Business Matters: If Big Radio Had Pandora's Royalty Rate, It Would Owe Billions
Business Matters: If Big Radio Had Pandora's Royalty Rate, It Would Owe Billions

Upcoming changes to Spotify's music recommendations and improvements coming to Beats-owned Mog - or whatever it will be called in the future - show music services understand it's time to stop boasting about the size of their catalogs and start leading people to the music they will like most.

Spotify will introduce new discovery features that allow users to follow artists -- a feature CEO Daniel Ek mentioned in an interview with way back in February 2010 -- and receive recommendations from suggestions from a network of celebrities and tastemakers. "Spotify is great when you know what you know what you want to listen to, but not so great when you don't," Ek said last week.

That's a big change from Spotify's previous mantra of discovering music through friends. There was a big downside: If your friends weren't sharing music, you had to devote time yourself to finding it. It wasn't until Spotify introduced third-party apps -- including Billboard's -- that it became a viable music discovery platform.

The future version of Mog, to be reformatted by owner Beats Electronics, will also seek to improve its recommendations. Trent Reznor told the New Yorker the updated service will create a recommendation platform in which "the machine and the human would collide more intimately." A Beats insider told the updated version of the service could launch by mid-2013.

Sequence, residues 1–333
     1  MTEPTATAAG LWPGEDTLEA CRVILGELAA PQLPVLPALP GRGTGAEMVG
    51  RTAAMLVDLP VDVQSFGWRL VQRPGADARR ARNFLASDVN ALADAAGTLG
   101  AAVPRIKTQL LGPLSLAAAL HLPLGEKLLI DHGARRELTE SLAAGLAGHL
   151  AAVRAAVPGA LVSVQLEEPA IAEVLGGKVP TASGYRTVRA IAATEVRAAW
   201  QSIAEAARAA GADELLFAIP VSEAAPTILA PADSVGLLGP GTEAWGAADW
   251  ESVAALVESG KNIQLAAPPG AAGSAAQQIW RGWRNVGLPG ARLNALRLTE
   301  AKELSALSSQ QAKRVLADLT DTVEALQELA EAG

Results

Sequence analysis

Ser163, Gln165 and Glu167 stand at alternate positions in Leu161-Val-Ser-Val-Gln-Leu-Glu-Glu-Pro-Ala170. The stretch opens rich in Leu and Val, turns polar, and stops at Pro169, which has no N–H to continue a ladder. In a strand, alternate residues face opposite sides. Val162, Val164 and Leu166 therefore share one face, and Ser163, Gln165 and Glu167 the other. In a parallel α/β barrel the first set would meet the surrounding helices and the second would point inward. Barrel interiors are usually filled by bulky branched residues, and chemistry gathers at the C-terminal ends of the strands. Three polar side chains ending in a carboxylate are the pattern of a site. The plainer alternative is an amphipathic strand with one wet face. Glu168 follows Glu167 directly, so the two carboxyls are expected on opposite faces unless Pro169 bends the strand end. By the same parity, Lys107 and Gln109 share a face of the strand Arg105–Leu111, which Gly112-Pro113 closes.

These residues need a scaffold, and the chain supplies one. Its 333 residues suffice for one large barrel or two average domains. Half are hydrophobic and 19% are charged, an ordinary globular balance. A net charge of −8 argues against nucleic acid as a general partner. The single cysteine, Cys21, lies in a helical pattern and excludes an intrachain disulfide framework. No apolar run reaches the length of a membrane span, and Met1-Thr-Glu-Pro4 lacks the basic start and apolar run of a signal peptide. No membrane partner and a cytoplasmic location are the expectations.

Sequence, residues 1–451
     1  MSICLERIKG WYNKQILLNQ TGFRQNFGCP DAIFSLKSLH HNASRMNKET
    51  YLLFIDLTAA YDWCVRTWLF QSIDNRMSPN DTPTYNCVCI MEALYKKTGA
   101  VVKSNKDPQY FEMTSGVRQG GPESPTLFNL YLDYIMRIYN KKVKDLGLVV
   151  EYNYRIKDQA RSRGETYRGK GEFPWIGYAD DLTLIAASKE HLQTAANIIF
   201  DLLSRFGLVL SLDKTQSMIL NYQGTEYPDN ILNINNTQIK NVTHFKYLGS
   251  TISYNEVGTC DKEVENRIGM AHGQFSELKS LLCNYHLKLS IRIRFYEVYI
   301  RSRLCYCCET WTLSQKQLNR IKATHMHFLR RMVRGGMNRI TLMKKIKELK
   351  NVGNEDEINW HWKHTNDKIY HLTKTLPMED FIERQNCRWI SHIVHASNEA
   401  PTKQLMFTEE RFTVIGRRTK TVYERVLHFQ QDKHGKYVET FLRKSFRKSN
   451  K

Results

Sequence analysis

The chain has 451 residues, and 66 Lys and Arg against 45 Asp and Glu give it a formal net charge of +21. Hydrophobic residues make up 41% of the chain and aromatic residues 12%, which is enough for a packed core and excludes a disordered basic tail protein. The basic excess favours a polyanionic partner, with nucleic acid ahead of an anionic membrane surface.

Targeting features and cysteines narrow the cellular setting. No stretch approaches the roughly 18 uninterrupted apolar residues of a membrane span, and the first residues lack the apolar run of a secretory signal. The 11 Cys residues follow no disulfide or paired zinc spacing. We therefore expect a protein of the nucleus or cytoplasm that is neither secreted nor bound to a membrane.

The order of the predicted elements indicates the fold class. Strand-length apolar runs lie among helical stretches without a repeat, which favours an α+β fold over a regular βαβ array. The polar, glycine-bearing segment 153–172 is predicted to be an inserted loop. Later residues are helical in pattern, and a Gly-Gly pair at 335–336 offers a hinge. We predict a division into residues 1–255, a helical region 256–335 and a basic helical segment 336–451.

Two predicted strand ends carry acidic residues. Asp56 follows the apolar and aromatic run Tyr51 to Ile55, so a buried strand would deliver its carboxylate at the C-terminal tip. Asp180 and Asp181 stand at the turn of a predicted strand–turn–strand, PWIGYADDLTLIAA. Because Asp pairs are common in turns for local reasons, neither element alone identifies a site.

Spotify and Mog are addressing an important problem: Music discovery isn't easy. It isn't easy when a service has catalog of millions of tracks with hundreds of new tracks arriving every week. And discovery definitely isn't easy when people have far more information at your fingertips than time to spend using that information. People need context and they need it quickly.

Some entrepreneurs are already working on these problems. The Spotify app helps a person keeps track of favorite artists' recent releases, shows friends' listening activity and recommends new releases. It's a helpful tool for the heavy music user. Less active music users have numerous options that require little investment: Songza, 8tracks, Senzari, Soundrop (currently just a Spotify app) are young services with new spins on Internet radio.

A November 2011 NPD Group report on music discovery suggests most people are comfortable with the ways they discover music. Just over 50% of the groups of consumers NPD calls "comfortable" and "convert" (groups that are modest and light spenders on music) are content with the sources of music available to them, and very few of them feel like they are missing out on new music they would like to hear.

But these groups probably haven't come across subscription services yet. They are undoubtedly listening to radio, the easiest of the music discovery tools available to them. But when they do start using Spotify, Mog, Muve Music, Rhapsody or any other services with a multi-million-song catalog, they will need the sort of discovery tools that make these services easy to use.

Questions? Comments? Let us know: @billboardbiz